Transitioning from a restaurant manager to a restaurant server was one of the more surreal experiences of my career. I knew in advance it would take time to acclimate to my new role, but did not quite know what to expect. As a manager I felt that I was missing out on a great deal of the guest interaction that made me enjoy working in the restaurant industry. As a server I discovered that could Â leave the restaurant behind at the end of my shift and had an amazing thing called “a life.” I also discovered that guest interaction wasn’t always as lovely as I remembered it to be.
Recently, I have seen a couple of good friends make this same transition. I did what in could to prepare them, but their experiences still were remarkably close to what I encountered. We have all had a good laugh at the karmic retribution we suffered being subject to policies we once enforced. While everyone is glad they made the switch, the adjustment period is filled with challenges.
In an effort to make it easier for anyone else considering this transition, here are a few thoughts to keep in mind.
You just became a child again. If not a child, at least a teenager. So many things that you felt quite capable of regulating on your own, are now subject to a policy. There are cell phone policies, uniform policies, tardiness policies, and a myriad of other rules you are now subject to. Many of these were previously subject to your discretion. Now you must follow them along with every other member of the staff. These policies will often times seem stupid. Rest assured that the staff you managed felt the same way when you were enforcing them.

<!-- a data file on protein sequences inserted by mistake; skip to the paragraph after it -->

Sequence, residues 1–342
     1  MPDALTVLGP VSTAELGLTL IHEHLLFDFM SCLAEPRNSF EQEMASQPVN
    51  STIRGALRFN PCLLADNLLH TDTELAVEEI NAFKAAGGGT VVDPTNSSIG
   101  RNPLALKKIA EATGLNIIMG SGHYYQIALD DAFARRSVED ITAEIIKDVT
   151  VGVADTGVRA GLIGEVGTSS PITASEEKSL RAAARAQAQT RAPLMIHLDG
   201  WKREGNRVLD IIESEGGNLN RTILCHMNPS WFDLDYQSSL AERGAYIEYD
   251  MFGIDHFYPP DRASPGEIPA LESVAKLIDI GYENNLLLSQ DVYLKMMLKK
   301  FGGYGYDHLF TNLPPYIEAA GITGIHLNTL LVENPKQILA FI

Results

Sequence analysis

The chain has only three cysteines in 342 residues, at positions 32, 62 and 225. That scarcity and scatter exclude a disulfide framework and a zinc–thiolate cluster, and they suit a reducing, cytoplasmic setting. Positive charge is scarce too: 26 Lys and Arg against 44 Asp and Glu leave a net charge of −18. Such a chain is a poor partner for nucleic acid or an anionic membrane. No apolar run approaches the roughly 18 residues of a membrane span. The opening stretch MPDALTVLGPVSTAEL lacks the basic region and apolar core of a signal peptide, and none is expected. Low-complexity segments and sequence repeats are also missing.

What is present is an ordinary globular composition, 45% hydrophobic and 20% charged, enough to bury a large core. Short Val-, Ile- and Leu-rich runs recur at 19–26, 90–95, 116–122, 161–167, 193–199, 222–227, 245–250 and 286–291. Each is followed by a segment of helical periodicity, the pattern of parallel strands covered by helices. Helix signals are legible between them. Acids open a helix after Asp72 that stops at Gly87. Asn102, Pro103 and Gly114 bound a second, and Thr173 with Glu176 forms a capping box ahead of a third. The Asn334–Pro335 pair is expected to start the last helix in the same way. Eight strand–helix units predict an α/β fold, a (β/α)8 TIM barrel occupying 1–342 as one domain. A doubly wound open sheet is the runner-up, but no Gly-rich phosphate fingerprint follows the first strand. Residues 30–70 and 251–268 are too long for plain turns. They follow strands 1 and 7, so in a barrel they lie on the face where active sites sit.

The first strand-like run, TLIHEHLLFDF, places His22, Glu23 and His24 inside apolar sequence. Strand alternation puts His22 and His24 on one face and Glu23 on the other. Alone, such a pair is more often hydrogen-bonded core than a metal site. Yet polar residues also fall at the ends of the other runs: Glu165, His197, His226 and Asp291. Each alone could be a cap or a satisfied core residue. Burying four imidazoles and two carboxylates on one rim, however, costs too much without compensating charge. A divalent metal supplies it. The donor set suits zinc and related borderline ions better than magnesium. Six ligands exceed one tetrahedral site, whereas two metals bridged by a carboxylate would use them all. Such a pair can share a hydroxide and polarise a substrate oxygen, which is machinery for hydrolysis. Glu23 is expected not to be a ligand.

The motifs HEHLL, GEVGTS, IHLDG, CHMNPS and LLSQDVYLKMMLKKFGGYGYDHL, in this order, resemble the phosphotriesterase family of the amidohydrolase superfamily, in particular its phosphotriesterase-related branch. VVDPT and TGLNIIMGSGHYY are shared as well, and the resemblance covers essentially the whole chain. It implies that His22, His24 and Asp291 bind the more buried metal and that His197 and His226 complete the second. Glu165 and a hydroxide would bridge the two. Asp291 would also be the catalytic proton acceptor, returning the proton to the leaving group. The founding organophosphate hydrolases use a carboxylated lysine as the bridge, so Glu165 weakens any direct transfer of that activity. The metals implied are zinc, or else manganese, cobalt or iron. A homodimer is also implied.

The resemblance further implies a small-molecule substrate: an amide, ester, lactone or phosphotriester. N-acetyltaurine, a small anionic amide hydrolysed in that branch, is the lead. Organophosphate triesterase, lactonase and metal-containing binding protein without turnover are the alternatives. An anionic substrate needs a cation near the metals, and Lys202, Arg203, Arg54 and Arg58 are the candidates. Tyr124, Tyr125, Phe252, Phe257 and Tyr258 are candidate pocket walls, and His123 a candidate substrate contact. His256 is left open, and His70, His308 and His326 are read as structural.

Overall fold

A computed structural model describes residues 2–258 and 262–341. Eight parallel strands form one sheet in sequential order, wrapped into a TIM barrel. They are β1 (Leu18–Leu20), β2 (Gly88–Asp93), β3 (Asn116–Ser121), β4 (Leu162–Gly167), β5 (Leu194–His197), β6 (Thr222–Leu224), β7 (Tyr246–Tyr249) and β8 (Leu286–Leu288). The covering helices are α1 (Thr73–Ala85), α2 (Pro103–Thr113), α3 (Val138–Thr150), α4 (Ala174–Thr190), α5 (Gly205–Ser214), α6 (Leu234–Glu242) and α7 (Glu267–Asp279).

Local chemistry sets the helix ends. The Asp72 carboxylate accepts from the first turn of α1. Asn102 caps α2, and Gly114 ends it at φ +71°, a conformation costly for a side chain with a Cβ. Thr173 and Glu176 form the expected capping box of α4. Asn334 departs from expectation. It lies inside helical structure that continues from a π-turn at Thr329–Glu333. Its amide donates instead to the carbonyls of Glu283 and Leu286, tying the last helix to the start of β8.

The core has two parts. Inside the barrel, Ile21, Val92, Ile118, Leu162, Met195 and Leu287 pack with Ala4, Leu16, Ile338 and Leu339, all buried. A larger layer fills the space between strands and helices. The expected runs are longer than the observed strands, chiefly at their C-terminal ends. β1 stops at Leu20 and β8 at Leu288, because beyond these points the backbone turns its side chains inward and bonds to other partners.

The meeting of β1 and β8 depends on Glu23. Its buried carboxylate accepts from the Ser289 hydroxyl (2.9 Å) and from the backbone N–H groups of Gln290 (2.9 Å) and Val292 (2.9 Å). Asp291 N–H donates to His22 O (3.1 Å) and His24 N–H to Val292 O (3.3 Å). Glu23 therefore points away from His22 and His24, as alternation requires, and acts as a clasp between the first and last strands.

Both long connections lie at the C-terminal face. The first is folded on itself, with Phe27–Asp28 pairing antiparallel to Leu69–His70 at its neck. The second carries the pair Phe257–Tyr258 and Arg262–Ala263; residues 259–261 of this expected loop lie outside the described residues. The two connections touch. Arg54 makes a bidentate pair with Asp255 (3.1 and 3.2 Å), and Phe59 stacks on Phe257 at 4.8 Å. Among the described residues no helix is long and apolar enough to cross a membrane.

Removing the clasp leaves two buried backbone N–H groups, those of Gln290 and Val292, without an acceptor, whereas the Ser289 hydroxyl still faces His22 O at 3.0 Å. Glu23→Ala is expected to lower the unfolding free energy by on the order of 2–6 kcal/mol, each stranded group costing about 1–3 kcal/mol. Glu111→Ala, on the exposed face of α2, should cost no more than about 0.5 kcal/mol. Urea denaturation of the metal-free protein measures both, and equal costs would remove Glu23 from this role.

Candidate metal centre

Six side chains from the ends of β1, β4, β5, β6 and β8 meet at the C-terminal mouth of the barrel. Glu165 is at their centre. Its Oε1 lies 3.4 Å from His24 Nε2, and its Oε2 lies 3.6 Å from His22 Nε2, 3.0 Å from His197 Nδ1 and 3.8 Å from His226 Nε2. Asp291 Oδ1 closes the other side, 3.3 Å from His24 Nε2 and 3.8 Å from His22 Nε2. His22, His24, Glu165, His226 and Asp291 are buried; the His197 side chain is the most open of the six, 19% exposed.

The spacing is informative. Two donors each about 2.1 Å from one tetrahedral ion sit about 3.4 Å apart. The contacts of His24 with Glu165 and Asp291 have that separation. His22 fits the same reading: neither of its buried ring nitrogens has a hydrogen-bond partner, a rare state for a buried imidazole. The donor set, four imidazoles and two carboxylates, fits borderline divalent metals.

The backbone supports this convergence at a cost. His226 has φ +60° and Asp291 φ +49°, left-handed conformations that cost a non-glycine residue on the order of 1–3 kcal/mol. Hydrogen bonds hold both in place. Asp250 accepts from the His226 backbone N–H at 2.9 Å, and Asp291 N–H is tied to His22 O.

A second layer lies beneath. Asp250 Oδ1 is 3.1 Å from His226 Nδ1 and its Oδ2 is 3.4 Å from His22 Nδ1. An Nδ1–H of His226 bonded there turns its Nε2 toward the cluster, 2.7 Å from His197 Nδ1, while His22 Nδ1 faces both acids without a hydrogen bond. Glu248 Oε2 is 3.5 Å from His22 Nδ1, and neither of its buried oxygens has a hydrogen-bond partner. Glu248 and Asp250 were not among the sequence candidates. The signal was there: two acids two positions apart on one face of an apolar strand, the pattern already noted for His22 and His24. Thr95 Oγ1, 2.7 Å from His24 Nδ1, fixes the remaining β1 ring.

No one wants to hear what you know. Remember that server who always seemed to have advice on how you could do your job better when you were a manager? Â Didn’t you frequently want to strangle them? Now that you are a server, don’t be that person. If your manager wants your opinion they will ask for it.
Choose your peers. By merit of the fact that you have been a manager, you are probably a bit older than most of your fellow restaurant servers. This may lead you to feel you have more in common with the restaurant’s managers than the serving staff. It is important to remember though that your fellow servers are who you need to count on in a jam. Find some common ground and integrate with your fellow servers.
Take it in stride. You will find many reasons to question your decision. While I would never minimize the challenges of management, you will find serving more challenging than you remember. In hindsight we all fondly recall how great of a server we were. In reality, tables will still put you in the weeds. Guests will still demean you. Managers will enforce ridiculous rules that you disagree with. At the end of the day, this is the path you chose. Don’t focus on the negatives. Instead, appreciate the positives and leave work behind you when you walk out the door.
Karma has a strange way of rearing it’s head when you make this transition. Chances are you will make the transition to restaurant management again one day even if it is not in this industry. This is where grace comes into play. You may one day have a staff of employees just like you. Extend grace to your new managers and coworkers because one day you will want it extended to you. Lord knows when you make this transition you will need plenty of it. Karma will see to that.